Sergio Edelstein

The beginning of the year in the Hebrew calendar was named in a particular way—not a new year, but the head of the year. We interpret this holiday’s name as if the beginning of the year focuses on the essential characteristic of the human being—thinking—and this is precisely the message that Jewish wisdom wishes to convey to us. A thought goes along with freedom, since to be a thinking person, we must be free, not only physically, but especially spiritually.

In the past, the beginning of the year was not in the month of Tishrei, but in the month of Nisan. This may be related to the special meaning of the value of freedom in the universal message of the Jewish people: starting the year, the annual cycle, with the memory of the beginning of our physical freedom and freedom of consciousness, being liberated from slavery. And so, as Nisan starts a critical cycle in the consolidation of the Jewish people, the election of Tishrei as the month that marks the new year starts a cycle that is no less significant. Tishrei begins a cycle where the human being reevaluates his/her actions, thoughts, concerns, challenges and errors. From the beginning of the new cycle in Rosh Hashanah, already at the Ten Days of Repentance, we are given the opportunity to reflect on these concepts, ask for forgiveness from others and improve ourselves. And in the Jewish tradition, apologizing is considered one of the noblest actions, first and foremost, to our friend. According to the Jewish sources, until the moment we receive the forgiveness of a friend, we will not receive forgiveness of another kind.

Our rich history is shaped by actions which define and characterize it. Unfortunately and usually, many of us see it under the prism of the tragedies that the Jewish people have suffered. But we can see it—and must do so, with the prism that brings the Jewish creation together, the intelligent product of constant education, thought and dialogue, progress and tenacity, solidarity and benevolence. All of these characteristics shape our legacy beyond the hardships we suffer.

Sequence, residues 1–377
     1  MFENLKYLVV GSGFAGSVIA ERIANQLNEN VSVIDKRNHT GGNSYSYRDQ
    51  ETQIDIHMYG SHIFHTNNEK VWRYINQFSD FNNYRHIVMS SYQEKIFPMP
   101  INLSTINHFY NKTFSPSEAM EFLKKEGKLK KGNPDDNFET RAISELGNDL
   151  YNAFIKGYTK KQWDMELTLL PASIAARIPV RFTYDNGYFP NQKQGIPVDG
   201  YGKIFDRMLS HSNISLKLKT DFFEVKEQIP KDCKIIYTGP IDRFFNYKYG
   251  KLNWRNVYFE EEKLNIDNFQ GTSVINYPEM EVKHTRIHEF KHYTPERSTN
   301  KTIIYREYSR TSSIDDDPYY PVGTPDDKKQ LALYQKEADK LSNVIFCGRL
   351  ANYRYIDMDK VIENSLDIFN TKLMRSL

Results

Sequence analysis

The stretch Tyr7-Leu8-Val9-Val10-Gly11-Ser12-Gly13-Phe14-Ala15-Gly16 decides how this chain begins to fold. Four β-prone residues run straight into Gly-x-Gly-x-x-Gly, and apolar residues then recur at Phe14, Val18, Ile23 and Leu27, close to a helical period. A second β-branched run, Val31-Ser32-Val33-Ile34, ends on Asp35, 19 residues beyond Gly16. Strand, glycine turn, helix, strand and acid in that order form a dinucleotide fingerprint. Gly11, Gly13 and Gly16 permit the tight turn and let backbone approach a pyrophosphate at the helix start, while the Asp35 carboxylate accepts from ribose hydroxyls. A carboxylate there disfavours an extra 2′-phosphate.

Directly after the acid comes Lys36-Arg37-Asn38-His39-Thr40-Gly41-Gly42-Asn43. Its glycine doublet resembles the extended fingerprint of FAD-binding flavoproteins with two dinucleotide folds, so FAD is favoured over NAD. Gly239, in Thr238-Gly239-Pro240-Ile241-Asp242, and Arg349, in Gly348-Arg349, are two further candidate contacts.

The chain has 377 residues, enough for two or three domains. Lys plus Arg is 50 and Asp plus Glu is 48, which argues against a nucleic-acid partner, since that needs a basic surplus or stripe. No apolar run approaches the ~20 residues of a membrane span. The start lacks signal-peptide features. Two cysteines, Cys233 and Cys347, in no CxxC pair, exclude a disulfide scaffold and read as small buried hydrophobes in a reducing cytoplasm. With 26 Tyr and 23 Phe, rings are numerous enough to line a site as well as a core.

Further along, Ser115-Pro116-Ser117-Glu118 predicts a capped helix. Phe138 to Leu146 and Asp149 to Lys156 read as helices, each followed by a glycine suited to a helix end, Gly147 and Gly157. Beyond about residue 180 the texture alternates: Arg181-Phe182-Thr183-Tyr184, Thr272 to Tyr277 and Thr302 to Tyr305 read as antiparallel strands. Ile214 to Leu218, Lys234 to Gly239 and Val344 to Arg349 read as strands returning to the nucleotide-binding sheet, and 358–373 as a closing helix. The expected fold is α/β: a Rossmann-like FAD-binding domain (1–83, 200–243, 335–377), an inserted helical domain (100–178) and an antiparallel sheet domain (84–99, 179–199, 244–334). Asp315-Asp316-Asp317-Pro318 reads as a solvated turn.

The Jewish people, constantly and uninterruptedly, are intertwined with cycles of creation—from the thoughts and ideals of Abraham, Yitzhak and Yaakov, through Amos and Ezekiel, enriched by the wisdom of the Rambam, Spinoza and Ben Yehuda and the writing of Buber, Bialik and Grossman, to the intelligence and contribution to the progress of humanity of Einstein, Yonat and Levitt. And nowadays, the cycle also includes the entrepreneurs who create and innovate day by day, for the good of all human beings, in technology, science and especially medicine. All of them, and thousands more, enrich our legacy and contribute with solidarity to the entirety of humanity.

The continuous cycle of strengthening our people cannot be stopped in any way due to circumstantial factors that may occur, as a result of unfortunate decisions, thoughts or interests. It is precisely the constant dialogue, the freedom of ideas and respect for others, the mosaic created by discussion and conviction, which, through the chain of generations, united the Jewish people.

May we know in this new cycle to be critical and free, to strengthen and unite, instead of separating and segregating. This is our responsibility!

Chag Sameach!

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